House Passes Same-Day Voter Registration

For the second session in a row, the Utah House on Monday passed a same-day voter registration bill.


HB156 would set up a pilot program whereby a county or city could try out same-day voter registration, which would allow a citizen to register to vote on Election Day, and then cast a ballot.

A same-day registration bill passed the House in 2013, but was killed in the Senate by GOP lawmakers.

In 2013, then-state-GOP chairman Thomas Wright fought for the same-day registration.

As Wright told House hearings, Utah is more than 2-1 registered Republican.

And so it follows that most same-day voter registrees would, in fact, be Republicans.

It would be fair to assume that same-day voter registration would, then, help GOP candidates.

But in 2013 a number of GOP senators said they didn’t want same-day voter registration, fearing fraud or other problems.

Utah has no history of voter fraud, however. And many states are moving towards same-day voter registration as an attempt to increase voter turnout.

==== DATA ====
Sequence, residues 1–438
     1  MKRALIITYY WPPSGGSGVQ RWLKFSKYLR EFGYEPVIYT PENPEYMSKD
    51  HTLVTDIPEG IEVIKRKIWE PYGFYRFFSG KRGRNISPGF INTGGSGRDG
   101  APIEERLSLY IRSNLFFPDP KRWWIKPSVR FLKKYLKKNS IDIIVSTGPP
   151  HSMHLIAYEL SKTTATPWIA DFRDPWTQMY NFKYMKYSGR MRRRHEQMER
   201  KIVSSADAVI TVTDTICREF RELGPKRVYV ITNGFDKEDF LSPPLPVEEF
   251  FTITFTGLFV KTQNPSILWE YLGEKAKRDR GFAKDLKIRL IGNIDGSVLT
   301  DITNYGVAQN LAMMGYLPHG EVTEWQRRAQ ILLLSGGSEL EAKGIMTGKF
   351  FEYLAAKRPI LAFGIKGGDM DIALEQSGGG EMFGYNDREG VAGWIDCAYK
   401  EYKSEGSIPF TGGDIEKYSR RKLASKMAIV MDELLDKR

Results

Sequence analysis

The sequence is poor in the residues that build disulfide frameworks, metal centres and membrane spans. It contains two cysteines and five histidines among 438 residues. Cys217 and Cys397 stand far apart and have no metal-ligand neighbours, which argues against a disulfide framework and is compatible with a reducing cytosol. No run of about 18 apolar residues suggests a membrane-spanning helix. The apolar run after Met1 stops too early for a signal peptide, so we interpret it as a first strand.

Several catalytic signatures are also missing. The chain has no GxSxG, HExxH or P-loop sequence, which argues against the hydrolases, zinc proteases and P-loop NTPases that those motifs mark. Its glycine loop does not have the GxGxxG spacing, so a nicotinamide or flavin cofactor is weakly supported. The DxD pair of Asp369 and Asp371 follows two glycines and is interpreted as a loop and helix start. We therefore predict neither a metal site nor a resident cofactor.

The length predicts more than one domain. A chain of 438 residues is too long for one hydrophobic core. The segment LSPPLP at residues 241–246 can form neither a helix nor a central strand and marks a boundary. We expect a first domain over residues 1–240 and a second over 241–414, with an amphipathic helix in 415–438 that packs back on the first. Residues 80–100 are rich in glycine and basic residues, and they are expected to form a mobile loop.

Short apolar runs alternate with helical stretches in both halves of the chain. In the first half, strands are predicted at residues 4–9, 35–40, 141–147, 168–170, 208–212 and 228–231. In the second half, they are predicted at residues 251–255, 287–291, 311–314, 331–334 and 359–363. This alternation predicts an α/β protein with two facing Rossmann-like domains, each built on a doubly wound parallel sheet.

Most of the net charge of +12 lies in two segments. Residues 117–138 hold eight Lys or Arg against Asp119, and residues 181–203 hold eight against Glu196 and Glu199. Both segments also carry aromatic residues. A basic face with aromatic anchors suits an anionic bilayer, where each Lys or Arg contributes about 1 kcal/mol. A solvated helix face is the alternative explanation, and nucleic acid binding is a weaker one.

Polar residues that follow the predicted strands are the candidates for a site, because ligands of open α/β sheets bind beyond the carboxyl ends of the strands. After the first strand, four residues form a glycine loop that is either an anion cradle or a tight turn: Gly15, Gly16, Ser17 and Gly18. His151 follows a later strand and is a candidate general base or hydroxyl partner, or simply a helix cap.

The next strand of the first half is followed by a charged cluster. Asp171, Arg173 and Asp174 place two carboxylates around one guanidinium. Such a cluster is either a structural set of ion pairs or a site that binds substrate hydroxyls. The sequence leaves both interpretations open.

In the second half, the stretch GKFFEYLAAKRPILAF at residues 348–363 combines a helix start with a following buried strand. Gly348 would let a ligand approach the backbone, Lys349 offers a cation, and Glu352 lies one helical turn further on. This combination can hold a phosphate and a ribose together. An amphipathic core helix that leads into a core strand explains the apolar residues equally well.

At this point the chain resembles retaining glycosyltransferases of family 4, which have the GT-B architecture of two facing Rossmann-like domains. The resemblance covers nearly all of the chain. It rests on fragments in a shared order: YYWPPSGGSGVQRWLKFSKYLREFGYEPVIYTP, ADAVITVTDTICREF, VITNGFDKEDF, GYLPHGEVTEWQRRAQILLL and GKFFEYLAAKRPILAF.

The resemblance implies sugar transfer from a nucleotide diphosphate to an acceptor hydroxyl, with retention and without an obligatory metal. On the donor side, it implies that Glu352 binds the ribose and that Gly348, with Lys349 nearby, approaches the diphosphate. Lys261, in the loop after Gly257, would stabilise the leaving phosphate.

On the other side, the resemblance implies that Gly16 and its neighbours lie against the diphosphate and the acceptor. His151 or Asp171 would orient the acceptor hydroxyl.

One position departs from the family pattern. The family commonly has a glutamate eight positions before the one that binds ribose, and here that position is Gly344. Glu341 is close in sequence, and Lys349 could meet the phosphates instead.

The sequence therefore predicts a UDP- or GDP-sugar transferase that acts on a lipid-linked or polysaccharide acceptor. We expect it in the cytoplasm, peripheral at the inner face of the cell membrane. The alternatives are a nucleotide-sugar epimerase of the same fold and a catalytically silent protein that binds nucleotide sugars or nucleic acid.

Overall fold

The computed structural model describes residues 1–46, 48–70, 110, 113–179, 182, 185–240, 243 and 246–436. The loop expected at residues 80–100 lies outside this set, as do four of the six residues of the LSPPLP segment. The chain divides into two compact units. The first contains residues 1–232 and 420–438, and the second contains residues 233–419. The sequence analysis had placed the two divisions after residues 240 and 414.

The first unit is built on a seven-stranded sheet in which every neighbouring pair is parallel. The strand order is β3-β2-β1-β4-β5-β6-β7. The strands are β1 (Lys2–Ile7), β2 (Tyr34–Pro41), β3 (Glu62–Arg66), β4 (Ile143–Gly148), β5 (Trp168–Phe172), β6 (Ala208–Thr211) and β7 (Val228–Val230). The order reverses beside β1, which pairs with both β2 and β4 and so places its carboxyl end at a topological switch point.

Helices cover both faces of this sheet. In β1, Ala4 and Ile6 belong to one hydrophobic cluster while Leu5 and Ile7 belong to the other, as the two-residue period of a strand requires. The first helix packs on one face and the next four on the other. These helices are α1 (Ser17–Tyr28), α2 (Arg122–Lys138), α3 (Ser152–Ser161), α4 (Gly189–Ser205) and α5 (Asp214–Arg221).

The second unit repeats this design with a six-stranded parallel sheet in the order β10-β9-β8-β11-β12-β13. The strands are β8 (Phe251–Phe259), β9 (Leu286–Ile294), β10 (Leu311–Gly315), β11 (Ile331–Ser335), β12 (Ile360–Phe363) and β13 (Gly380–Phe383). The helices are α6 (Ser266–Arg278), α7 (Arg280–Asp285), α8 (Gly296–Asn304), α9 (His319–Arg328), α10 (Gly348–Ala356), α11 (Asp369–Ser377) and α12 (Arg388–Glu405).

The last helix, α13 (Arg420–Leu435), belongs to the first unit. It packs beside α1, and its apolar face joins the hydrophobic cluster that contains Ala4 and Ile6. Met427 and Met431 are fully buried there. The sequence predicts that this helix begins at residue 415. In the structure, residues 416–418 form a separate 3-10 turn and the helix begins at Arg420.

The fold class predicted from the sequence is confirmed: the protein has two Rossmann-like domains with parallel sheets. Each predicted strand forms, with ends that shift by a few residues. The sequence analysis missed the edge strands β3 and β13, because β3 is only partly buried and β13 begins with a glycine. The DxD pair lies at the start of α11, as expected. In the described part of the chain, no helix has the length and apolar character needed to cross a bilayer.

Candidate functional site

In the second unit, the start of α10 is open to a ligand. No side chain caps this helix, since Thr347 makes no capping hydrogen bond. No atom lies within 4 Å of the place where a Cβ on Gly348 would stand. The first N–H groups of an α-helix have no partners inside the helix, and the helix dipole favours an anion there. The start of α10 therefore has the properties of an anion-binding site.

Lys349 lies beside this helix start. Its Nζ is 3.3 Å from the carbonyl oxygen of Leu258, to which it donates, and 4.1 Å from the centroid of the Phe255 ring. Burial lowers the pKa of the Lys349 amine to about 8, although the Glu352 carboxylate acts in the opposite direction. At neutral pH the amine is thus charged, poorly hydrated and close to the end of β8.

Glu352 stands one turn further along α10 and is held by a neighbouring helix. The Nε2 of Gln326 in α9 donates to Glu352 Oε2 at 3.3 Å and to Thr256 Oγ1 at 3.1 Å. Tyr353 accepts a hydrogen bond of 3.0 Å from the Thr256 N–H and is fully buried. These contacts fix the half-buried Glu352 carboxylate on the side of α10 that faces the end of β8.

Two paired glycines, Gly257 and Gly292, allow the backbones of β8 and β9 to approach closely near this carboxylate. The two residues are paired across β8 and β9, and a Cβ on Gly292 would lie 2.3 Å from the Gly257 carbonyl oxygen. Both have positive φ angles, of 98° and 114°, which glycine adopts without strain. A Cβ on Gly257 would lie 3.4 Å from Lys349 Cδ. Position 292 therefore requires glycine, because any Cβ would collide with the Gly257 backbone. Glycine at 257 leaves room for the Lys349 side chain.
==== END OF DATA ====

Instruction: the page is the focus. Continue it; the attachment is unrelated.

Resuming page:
While Utah had some of the best voter turnout in the 1960s and 1970s, today it’s voter turnout is among the lowest in the nation.

Instead of going directly to same-day voter registration, HB156 by House Minority Assistant Whip Rebecca Chavez-Houck, D-Salt Lake, sets up a pilot program, to be tested over the next few years, and then have reports back to the Legislature in 2016 to see if same-day voter registration should be implemented across the state.

All House Democrats voted for the bill, as did 28 Republicans; it passed 42-26. All 26 “nay” votes came from Republicans.

It now goes to the Senate, where GOP Sen. Deidre Henderson, R-Spanish Fork, is the co-sponsor.